I don't know about you but I find the ABC's Geraldine Doogue profoundly irritating. This is primarily because, on those occasions - alas too frequent - when she discusses the Palestine/Israel conflict, little more than Israeli talking points emerge.
The latest example came on last Sunday night's Compass program - Why I'm still... Jewish - when she talked with 4 members of Australia's Jewish community:
"Can I raise the issue," she chirped at one point, "and it's amazing that I am raising this, but what about the rockets, what about Hezbollah, what about Hamas?"
So Doogue was amazed that none of her interlocutors had thus far started banging on about Palestinian fireworks - these, of course, being the be-all and end-all of the conflict in her view. (Hers was no mean feat actually: not only did she reduce the conflict to the level of a Zionist cliche but managed to stereotype her guests as knee-jerk Zionist propagandists at the same time.)
Doogue's unblushing invocation of this particular propaganda trope came like the proverbial shot-in-the-arm for the show's beleaguered (because terminally smug) Zionist ultra, Timmy Rubin. "Thank you. Thank you, Geraldine," she gushed, as Doogue babbled on: "In other words if you are going to give it [the West Bank] back..."
Until, that is, she was interrupted by the sharpest of the four, Ronni Kahn, who labelled her nonsense "scare-mongering."
To which an incredulous Doogue could only retort: "Is it?"
The thing is, Doogue of all people has no excuse whatever for such ignorance.
In January 1991, at the time of the First Gulf War, she presented a current affairs slot on ABC television called The Gulf Report. For expert opinion on events as they unfolded, the program turned to Macquarie University Arabist Dr Robert Springborg, a move which angered reigning Prime Minister (and uber-Zionist) Bob Hawke and catapulted Doogue and her colleagues, particularly Peter Manning, head of ABC News & Current Affairs, into the centre of a political storm. As a result, Doogue underwent something of a learning curve which she described in the Spring 2003 issue of The Griffith Review. Here are the relevant paragraphs:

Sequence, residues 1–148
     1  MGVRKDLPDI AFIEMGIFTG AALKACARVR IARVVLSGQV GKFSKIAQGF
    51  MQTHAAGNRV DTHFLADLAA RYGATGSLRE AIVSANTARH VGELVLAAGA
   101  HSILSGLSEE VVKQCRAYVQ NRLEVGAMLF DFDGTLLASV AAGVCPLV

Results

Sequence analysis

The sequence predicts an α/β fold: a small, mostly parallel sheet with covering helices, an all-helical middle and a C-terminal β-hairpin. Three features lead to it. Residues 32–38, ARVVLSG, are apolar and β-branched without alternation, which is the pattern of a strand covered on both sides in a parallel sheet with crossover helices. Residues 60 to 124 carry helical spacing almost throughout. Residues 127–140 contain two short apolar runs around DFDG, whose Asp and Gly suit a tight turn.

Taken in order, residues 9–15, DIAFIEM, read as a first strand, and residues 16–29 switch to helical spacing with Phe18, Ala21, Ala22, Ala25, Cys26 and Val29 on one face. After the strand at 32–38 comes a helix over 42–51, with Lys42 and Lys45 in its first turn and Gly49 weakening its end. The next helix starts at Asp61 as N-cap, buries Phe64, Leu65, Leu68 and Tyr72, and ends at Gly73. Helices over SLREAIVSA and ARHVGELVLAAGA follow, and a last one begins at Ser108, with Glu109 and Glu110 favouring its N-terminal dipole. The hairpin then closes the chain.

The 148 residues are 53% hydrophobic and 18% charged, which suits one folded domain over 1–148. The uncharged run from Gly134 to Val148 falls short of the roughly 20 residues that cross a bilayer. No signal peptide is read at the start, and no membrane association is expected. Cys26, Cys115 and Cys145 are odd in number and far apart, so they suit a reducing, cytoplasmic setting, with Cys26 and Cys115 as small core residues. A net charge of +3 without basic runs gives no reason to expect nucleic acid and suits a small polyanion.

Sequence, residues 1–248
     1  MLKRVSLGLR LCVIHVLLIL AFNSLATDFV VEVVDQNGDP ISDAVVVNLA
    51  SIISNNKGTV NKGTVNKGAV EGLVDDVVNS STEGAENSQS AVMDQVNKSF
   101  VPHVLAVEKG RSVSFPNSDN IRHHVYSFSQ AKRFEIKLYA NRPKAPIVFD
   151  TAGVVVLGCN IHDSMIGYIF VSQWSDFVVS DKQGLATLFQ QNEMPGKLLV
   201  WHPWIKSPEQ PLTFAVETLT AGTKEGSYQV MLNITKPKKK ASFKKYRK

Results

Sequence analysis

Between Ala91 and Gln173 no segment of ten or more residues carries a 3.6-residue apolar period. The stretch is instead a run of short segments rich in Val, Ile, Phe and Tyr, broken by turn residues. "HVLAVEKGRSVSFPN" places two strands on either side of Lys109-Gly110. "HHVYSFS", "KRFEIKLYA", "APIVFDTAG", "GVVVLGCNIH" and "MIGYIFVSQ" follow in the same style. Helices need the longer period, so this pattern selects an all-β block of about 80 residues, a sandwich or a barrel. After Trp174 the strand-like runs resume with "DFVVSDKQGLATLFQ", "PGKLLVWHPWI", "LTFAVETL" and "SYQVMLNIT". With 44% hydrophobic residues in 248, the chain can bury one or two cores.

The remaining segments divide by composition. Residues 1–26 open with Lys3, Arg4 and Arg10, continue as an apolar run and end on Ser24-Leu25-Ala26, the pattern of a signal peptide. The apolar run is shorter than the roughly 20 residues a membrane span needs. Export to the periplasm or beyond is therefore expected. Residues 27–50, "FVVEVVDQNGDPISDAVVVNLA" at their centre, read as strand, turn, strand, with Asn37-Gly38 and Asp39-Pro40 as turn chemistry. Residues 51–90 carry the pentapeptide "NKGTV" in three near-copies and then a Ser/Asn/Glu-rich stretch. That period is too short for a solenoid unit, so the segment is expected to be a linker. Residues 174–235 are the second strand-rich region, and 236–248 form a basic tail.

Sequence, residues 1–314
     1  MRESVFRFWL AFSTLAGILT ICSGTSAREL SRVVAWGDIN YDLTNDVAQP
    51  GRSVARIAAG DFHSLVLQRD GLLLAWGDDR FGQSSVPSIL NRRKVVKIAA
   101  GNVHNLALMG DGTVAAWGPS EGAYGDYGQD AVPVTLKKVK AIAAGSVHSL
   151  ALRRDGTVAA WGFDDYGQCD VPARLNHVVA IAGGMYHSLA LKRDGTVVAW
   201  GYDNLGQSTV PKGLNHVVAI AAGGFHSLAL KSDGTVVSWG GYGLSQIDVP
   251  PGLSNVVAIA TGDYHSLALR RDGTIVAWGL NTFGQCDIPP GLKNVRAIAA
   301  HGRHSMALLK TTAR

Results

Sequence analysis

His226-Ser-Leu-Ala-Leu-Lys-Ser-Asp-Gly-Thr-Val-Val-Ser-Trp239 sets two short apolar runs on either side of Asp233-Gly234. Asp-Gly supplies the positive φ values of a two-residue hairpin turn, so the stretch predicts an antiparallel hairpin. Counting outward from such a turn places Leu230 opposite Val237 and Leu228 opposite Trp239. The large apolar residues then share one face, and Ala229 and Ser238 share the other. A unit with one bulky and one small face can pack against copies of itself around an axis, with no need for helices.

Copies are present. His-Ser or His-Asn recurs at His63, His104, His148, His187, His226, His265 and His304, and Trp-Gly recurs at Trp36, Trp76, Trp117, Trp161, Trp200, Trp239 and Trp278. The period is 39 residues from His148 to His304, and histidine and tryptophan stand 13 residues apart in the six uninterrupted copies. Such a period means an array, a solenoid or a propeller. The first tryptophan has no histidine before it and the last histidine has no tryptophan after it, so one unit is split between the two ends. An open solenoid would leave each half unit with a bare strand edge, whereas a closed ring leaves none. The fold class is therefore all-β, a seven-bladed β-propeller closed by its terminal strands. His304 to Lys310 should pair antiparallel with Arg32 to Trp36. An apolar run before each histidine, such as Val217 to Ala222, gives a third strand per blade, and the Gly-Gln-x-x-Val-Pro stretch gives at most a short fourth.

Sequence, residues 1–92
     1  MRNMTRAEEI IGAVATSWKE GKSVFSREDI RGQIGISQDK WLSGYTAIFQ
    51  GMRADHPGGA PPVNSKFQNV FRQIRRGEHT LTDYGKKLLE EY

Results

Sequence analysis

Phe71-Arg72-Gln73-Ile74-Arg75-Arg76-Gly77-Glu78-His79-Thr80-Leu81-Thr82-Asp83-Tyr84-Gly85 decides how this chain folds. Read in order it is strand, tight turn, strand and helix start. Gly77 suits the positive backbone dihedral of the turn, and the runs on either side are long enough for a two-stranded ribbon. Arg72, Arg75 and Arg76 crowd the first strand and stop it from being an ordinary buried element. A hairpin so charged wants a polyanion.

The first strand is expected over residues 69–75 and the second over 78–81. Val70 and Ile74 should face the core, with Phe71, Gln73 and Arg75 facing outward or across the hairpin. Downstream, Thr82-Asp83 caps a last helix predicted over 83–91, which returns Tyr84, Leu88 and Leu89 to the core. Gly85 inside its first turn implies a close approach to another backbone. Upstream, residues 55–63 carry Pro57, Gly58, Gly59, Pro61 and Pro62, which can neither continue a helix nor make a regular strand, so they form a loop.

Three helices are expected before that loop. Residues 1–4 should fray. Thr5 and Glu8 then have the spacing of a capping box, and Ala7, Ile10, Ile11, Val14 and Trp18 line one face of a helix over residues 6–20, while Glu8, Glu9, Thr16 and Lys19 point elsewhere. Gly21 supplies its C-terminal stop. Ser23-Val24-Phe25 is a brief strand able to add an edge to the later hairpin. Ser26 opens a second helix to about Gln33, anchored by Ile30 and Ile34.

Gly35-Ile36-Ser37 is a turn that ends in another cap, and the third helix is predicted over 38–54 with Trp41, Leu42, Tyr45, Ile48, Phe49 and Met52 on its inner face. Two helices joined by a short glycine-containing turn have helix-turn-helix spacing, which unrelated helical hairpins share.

"It was on! Day after day, new criticism turned up. We learned there was a 'war room' in Parliament House where the prime minister, with his widely acknowledged emotional attachment to Israel at full throttle, and several Cabinet colleagues, including future opposition leader Kim Beazley, pored over every detail. I became aware for the first time of the Israel/Jewish lobby and its power. Naive little me had never experienced organised opposition in my previous reporting life. In an odd way, it was enthralling to watch in practice what I had read and heard about. I just wish I hadn't been at the centre of it. This campaign was conducted in public and private. Letters arrived by the dozen, plus phone calls to the program (including utterly sexist diatribes directed at me; I was after all, one of the first Australian women to be allowed to report a war on television)."
Unfortunately, while Peter Manning, whose courage under fire Doogue acknowledged in her essay - "Peter Manning, I salute you," is her concluding sentence - has since gone on to study the Middle East conflict in some depth, even writing a book on the subject, Us & Them: A Journalist's Investigation of Media, Muslims & the Middle East (2006), Doogue, it seems, has not only failed to build on her initial awareness of the power of the Israel lobby by developing a real understanding of the Palestinian case, but has actually moved in the other direction, and now simply recycles Zionist talking points and cliches as the occasion demands.
Laziness? Self-protection? The price of retaining a perch at the ABC? Who knows? Perhaps it's time for her to pen another piece for The Griffith Review.